A bad business for everyone caught in the bedroom tax trap
Collecting the rent is a basic function for any landlord, but a succession of reports has made it clear that the Government’s so-called bedroom tax has undermined this existential necessity by pushing more people into arrears
By Mark Cantrell
From Housing magazine, August/September 2014
Enough with the bedroom tax, already. Sadly, it’s not so easy to wish it away; as those on the receiving end – landlords and tenants alike – know only too well.
Some might prefer to use a less contentious term, like ‘removing the spare room subsidy’ or the ‘under-occupation penalty’, but whatever the moniker, the bedroom tax is proving mayhem for those trying to make ends meet – and that includes collecting the rent.
Even the ministers and their minions at the Department of Work & Pensions (DWP) appear to be cottoning on, quietly, to the hardships the policy is causing. They must be. Why else slip out a damning report while attention was distracted by David Cameron’s Cabinet reshuffle?
The interim report – ‘Evaluation of Removal of the Spare Room Subsidy’ (RSRS) – was produced by Ipsos MORI and the Cambridge Centre for Housing & Planning Research. Initially, at the onset of the bedroom tax, some 547,342 households were affected, but by August 2013 this was down 4.6% to 522,342. That decline is pretty much accounted for by the 4.5% of affected households that managed to downsize to another property. A further 1.4% – mostly in the North – shifted to the private rented sector.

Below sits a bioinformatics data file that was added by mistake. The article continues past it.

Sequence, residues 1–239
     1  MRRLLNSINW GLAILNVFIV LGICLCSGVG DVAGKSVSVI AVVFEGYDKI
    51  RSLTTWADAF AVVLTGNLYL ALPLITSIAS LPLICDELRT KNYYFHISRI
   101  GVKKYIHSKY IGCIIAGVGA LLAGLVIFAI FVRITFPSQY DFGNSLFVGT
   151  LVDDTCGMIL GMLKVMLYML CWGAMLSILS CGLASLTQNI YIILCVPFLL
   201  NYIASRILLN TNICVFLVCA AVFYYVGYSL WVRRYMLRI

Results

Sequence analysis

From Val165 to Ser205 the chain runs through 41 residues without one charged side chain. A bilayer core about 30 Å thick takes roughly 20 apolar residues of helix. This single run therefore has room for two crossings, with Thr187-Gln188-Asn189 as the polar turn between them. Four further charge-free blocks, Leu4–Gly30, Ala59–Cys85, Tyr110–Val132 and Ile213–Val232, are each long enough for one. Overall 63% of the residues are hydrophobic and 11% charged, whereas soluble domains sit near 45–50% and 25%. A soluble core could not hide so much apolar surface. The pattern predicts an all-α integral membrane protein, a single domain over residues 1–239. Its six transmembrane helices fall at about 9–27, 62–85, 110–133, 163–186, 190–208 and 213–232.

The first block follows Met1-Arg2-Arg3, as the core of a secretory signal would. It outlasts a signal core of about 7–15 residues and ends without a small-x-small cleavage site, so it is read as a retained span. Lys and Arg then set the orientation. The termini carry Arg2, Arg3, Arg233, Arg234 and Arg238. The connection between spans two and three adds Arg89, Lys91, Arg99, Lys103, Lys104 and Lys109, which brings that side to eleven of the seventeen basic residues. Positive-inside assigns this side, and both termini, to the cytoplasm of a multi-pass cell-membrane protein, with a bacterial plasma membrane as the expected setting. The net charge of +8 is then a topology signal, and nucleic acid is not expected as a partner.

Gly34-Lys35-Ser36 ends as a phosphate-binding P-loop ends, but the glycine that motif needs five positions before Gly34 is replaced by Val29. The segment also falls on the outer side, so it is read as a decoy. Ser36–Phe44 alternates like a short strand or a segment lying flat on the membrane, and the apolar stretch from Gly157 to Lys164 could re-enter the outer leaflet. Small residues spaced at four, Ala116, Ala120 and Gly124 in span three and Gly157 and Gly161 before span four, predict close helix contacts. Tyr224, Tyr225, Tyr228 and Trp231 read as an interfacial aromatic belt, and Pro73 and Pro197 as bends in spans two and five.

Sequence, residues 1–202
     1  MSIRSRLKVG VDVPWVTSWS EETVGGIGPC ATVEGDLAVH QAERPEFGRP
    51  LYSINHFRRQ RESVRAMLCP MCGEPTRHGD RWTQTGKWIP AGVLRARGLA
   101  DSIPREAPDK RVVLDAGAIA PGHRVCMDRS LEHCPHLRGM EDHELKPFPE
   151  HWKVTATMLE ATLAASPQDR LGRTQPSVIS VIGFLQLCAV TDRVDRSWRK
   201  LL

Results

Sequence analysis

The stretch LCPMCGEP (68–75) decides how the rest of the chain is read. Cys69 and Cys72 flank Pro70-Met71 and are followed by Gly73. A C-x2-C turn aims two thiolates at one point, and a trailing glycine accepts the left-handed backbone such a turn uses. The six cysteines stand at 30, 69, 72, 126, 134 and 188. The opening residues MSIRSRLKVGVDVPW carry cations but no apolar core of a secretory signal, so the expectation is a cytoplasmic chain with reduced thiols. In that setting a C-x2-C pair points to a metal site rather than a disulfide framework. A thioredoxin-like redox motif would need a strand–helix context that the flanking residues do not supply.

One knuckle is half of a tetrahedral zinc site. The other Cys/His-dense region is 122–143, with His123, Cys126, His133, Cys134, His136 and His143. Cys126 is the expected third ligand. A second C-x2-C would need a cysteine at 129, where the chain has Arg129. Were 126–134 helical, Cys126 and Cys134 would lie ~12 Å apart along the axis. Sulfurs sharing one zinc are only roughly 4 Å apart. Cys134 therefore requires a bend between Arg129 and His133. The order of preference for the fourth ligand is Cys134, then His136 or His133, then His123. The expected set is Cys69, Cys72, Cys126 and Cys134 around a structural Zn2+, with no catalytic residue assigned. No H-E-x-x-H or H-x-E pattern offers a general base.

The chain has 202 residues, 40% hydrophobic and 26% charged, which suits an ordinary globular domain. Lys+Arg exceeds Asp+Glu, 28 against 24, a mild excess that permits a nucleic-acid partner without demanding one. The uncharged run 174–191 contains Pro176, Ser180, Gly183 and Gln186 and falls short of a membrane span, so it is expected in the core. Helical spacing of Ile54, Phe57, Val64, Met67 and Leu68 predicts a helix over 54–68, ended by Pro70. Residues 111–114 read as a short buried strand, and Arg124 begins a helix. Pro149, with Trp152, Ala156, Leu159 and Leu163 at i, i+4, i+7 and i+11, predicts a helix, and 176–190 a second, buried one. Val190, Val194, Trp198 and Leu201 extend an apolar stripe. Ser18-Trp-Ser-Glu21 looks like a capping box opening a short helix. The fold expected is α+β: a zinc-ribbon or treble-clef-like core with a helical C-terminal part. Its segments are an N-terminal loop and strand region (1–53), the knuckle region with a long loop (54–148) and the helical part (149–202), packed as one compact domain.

That leaves the majority potentially stuck with a shortfall in their ability to pay the rent; a headache for household and landlord alike. During the first five months of the bedroom tax, 41% of tenants managed to pay that shortfall in full, 39% have paid some, and 20% have paid none at all.
“There was widespread concern that those who were paying were making cuts to other household essentials or incurring other debits in order to pay the rent,” the report said. “57% of claimants reported cutting back on what they deemed household essentials and 35% on non-essentials in order to pay their shortfall. A quarter of claimants (26%) said they had borrowed money, mostly from family and friends (21% of all claimants); 3% had borrowed on a credit card and 3% taken payday loans, although we do not know whether they have a history for borrowing for other purposes. In addition, 10% had used savings and 9% been given money from family.”
As it is, the interim report played it rather coy with the rent arrears question. It found that total arrears have gone up by 16% between April and October 2013, but added that the “cause of this is uncertain and we cannot directly attribute this increase to the RSRS”.
There’s no doubt over why as far as the National Housing Federation (NHF) is concerned. As the organisation’s chief executive, David Orr said: “We have published a series of reports highlighting the flaws of the bedroom tax, as have many of our members. Time and time again it has been shown that the bedroom tax is pushing people into rent arrears and people have been unable to downsize because of a lack of smaller properties. Now the figures from the DWP prove it is not working; surely now it is time for the Government to admit they got it wrong and repeal this ill-thought policy.”